Thursday, October 20, 2005

Cognitive Distance Friction

There is a consumer behavior to which we all can relate. It’s called by various names including "cognitive distance friction." It is what we all experience when it seems like it takes forever to get somewhere but time of travel seems much shorter on the way back.

It greatly impacts visitors to a community because, as researchers in Australia have discovered, a mile when we are traveling at home or in familiar surroundings seems like 20 miles when we’re away from home and in unfamiliar surroundings.

People who develop shopping malls adapted research on this behavior years ago to help determine how far malls need to be apart before it makes sense for a department store to have multiple locations without cannibalizing itself. I remember, in the early days, that it was something like 15 minutes or 15 miles, because after that point, it took a very exclusive product or an incredible sale to pull people any further.

Lots of things intensify or exaggerate distance friction, and Durham has them all… e.g., irregular road patterns, hills and dales with no dominant geographic features, heavily wooded etc. The Internet has also intensified the effects of distance friction. Consumers now have the option, for a small shipping fee and a brief delay, of avoiding the logistics of a trip to the store or to a store in another community.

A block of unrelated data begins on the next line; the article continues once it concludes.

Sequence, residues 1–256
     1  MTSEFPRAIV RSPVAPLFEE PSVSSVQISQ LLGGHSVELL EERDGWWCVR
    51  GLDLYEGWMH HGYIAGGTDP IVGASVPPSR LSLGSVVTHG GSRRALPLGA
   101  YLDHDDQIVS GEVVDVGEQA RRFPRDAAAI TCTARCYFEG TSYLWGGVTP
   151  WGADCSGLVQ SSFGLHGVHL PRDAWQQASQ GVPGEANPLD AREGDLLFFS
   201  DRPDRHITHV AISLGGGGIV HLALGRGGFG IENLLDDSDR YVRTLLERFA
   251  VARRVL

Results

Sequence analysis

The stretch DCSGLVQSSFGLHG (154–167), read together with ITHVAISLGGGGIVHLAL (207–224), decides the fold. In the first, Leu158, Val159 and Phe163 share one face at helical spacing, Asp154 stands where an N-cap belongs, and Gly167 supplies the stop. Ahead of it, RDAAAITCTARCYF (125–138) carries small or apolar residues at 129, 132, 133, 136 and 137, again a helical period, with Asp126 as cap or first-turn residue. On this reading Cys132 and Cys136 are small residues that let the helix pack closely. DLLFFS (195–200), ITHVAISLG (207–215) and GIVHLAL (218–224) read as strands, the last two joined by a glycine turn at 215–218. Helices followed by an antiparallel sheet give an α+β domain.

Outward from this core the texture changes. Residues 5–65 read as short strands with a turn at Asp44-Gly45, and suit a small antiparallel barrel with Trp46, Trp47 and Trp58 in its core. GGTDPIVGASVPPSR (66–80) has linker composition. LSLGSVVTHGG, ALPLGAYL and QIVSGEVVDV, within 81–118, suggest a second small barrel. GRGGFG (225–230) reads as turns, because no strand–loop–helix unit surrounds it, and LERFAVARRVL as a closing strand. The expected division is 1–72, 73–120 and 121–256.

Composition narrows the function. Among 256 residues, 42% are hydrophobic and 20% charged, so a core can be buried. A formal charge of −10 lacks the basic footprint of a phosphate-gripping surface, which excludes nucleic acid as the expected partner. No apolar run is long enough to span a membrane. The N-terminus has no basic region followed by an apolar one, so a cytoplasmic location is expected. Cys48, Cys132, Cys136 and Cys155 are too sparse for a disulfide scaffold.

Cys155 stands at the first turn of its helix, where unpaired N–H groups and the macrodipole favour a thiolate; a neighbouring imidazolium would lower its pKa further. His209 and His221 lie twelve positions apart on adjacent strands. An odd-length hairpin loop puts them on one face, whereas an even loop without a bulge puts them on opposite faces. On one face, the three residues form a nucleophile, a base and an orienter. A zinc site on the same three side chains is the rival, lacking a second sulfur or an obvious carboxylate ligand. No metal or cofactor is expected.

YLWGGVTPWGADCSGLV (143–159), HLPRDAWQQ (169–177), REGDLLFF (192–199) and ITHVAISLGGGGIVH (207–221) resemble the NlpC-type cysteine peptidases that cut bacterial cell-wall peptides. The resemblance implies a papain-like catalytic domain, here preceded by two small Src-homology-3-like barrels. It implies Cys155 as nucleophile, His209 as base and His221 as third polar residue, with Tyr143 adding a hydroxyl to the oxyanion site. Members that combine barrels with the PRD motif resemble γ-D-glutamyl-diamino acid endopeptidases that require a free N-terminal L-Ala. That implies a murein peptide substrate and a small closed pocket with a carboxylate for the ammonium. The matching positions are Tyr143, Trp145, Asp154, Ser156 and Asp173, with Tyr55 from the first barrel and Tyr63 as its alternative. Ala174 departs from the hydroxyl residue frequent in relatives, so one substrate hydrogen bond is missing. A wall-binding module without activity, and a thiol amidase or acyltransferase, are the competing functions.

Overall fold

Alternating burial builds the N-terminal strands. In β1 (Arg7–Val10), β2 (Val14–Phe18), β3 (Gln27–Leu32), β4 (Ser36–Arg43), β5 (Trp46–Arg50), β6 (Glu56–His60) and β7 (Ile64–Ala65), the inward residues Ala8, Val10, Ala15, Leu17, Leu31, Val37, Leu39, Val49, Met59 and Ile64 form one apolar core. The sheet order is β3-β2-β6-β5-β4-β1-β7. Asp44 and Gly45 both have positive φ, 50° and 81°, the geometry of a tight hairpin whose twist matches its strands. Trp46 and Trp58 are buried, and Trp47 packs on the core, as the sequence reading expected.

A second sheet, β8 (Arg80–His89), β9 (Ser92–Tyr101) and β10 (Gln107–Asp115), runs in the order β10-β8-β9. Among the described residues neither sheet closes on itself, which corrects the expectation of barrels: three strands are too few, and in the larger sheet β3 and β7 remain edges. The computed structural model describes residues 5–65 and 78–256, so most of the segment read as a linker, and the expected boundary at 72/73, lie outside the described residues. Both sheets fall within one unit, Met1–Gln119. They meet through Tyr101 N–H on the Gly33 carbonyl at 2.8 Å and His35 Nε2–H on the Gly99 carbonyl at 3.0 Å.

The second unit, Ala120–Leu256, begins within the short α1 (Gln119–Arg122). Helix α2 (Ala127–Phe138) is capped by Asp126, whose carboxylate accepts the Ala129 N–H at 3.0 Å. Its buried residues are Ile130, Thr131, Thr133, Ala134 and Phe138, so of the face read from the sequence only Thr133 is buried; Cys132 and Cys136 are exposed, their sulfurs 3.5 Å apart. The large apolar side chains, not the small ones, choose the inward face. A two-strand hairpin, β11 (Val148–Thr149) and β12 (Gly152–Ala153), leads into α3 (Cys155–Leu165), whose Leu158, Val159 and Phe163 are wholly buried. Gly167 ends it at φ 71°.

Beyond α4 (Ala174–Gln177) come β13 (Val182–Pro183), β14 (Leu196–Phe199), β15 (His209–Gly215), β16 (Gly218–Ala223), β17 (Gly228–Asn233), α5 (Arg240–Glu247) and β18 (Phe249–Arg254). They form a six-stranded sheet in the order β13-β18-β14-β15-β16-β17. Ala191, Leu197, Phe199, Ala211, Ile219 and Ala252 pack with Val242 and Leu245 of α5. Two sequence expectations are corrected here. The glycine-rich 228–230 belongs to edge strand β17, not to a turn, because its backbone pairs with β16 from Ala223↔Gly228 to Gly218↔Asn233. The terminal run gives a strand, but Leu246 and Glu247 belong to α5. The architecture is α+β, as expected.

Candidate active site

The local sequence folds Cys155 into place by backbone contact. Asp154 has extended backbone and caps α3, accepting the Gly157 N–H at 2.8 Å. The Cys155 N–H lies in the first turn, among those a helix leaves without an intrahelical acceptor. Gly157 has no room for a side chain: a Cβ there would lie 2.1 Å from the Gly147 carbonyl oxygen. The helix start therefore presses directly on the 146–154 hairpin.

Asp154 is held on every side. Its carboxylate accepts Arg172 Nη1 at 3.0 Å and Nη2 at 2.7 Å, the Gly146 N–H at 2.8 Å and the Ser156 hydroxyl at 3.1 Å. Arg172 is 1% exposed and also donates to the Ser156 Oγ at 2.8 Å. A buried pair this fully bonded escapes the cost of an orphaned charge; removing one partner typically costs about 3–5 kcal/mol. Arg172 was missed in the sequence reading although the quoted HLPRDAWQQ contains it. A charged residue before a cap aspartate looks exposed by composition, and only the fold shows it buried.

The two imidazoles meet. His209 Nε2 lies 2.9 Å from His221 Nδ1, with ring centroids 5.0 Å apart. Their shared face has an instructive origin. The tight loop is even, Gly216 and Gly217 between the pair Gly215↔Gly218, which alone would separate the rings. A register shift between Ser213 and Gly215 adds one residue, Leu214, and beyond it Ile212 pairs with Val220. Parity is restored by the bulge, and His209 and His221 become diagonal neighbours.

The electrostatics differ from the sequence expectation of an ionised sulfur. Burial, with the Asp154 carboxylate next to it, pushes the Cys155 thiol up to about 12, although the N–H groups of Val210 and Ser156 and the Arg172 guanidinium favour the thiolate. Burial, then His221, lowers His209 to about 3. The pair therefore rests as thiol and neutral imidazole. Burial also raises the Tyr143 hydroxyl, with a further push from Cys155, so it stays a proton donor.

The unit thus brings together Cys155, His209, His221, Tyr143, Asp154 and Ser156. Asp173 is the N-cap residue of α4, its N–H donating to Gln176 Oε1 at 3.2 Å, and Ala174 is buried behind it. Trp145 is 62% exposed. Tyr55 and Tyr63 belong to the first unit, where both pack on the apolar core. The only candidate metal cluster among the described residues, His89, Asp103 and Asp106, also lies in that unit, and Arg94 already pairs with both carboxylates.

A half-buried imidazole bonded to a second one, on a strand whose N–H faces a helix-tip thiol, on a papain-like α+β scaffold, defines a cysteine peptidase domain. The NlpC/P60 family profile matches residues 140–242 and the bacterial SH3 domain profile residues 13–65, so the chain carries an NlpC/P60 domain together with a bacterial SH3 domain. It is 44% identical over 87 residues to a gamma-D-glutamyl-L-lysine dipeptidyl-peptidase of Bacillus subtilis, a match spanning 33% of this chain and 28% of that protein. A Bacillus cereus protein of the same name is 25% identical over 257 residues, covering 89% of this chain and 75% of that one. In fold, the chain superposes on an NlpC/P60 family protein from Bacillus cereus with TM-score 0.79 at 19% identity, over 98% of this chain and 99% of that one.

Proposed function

Distance friction is why so few people visit "regions" unless they happen to be centered around one dominant place. It’s definitely why so many traveling to either Durham or Raleigh elect not to combine a visit to both communities on the same trip.

Destinations like Durham with ample things to see and do over several days are also learning that it irritates visitors when they encounter distance friction, and the best way to overcome it is to simplify their itineraries… better directions and easier-to-read, accurate maps, the ability to select things to see and do within 10 miles, a distinct sense of place with good way-finding (road signs, banners, markers, gateways, corridors etc.) and most of all, very informed residents and frontline staff in hospitality businesses.

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